You're right--the Slayer myth is important, and it does connect back to "Restless" in a really pleasing way.
I had the general idea that "Storyteller" was pretty beloved.
Zorra--I'm with you. Though I loved BtVS, one of the things that excited me about Firefly was that it was about grownups, and not high school students. Perhaps they should've built something new on the Hellmouth and found a way to shoehorn Buffy/Robin/Spike into that mix.
(What that would be, I can't imagine.)
The point several of you make about Faith being more of a rule-followe than I said is most excellent and true. She talks the rebel talk, but you're right, she entirely buys into the Mayor's authority.
I look forward to hearing you all argue for off-screen sex at various points to come!
I'd like it better if Faith's place in the Slayer line were acknowledged in a way that made more sense. At least she'll be in the mix soon!
I'm glad you enjoyed it, ColParker!
@20, I know you have been turned off the comics, but S8 is really all about exploring that "logical outgrowth" and the damage it does, because leading that Slayer organization only acts to continue to isolate Buffy.
I am actually quite sorry to hear that!
I almost wonder if the story might not have worked just as well if none of them had ever come to Sunnydale...
Well... I'm not sure. It's a logical part of Buffy's growth that she comes to lead the Slayer organization. It's not a one-off blow up the high school battle, but permanent leadership. Without a few Slayettes to bring that home, would it work?
A touching ritual makes a lot of sense, and you'd think in such a crowded house it would almost be impossible not to get touchy now and then.
The Potentials do complicate things in terms of taking over the story without offering a lot of payoff. The speeching wears down my goodwill a little more each time the group falls into it. And yet, I love where "Chosen" ends up.
Hammy or no, I'm looking forward to getting to Nathan Fillion.
Aw, Jack, that's almost sweet. My phone is actually so magical, it doesn't ring at two in the morning, even if I forget to shut it off!
Have a terrific holiday!
I would come see that band, for sure!
It nearly had me spitting on the second viewing... and I knew it was coming!
Nicely argued, Alex C.
The Xander/Buffy argument is a high point for me, too--it's both hair-raising and such a signpost for how much they've both grown.
High impact, Aeryl--I agree. I would have loved an earlier Anya episode, or two, but this one has to fall exactly here in her story arc. And now I am already feeling pangs of sorrow, for what's to come.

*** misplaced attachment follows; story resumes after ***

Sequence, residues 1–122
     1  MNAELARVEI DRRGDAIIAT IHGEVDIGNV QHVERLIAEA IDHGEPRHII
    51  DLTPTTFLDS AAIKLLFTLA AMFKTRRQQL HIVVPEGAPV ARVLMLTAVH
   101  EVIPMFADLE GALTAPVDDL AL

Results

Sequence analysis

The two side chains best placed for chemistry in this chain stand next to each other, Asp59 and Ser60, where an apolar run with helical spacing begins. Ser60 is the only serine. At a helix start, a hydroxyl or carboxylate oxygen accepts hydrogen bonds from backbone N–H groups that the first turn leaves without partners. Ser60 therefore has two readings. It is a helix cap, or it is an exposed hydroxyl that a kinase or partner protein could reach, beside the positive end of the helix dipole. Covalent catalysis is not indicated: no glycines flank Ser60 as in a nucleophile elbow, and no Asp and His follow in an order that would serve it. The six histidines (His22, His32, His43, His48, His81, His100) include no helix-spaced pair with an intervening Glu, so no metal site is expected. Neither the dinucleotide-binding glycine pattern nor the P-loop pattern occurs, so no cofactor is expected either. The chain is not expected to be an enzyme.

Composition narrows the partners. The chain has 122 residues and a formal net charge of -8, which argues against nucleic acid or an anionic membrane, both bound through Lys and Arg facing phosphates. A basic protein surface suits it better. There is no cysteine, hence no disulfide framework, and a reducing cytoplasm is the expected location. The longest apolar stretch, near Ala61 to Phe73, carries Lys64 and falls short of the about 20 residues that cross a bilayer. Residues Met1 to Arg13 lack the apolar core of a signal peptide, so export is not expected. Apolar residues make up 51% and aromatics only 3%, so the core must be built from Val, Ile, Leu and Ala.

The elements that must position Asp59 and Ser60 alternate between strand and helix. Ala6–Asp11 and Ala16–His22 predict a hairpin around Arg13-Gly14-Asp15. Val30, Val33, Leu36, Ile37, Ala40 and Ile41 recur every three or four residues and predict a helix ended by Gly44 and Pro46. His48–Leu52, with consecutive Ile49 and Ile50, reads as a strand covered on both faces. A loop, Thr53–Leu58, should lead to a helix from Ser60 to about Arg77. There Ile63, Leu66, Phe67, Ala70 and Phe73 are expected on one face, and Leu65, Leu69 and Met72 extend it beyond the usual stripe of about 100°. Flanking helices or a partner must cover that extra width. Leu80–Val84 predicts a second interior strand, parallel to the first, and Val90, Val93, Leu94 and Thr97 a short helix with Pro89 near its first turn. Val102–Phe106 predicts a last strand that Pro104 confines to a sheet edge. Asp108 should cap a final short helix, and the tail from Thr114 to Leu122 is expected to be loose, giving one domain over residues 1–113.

You'd say the seventh season destroyed Whedon's reputation, Vij?
It's interesting to see the breakdown of fourth episodes--thank you very much for that! And I like how Buffy treats Spike as this season continues, too.
They do look alike--I totally agree! Not an accident of casting, I am sure.
But I want her to save the puppies!!
"Convos with the Dead Peeps" really is worth a lot of set-up, I agree.
Spike and Angel both obviously feel some responsibility for the things they did while sans-soul. How much they are, I think, is something the Buffy canon leaves open to our interpretation.
I'm with you on the Ewwwwww! Zorra. I was surprised by how difficult I found that to rewatch!
I'll look forward to seeing that analysis in a few weeks, Alex!
A good resurrection is so satisfying, but in general we do bring characters back more often than we probably ought. There were some great post-Becoming stories about Angel, but his actual return grated on me. Buffy's return felt earned: they worked for it, hard, and they paid. Spike's... yeah. Could've done without it.
I think of the swinging in as more of a Tarzan thing, but you're right: Batman tracks with Spike's line.
I don't know what was up with the naming of Ron and Nancy.
Gardner--I'll miss your comments, positive and negative. I just watched "Selfless" and was surprised at how much I like it.
A lot of those incidents aren't covered in this book because it doesn't get that far into Hild's life, Patricia, but I am sure Griffith will get to them in the next novel.
That's an interesting challenge, Gardner: how to give Buffy something more meaningful to do while leaving Xander to 'save' Willow.
In the five seconds I've been thinking about it... if Willow had been drawing on Dawn energy, rather than Satan Church, maybe there could have been some need to choose involved, so Buffy was saving the world by saving Dawn. That's imperfect, because saving Dawn was what she did last year.
The other possibility would be to capitalize on Willow's having brought Buffy back from the dead, instead of making a smart remark of it. Telling Osiris he could have her back, forcing her to fight him... there might be some plot to be worked there.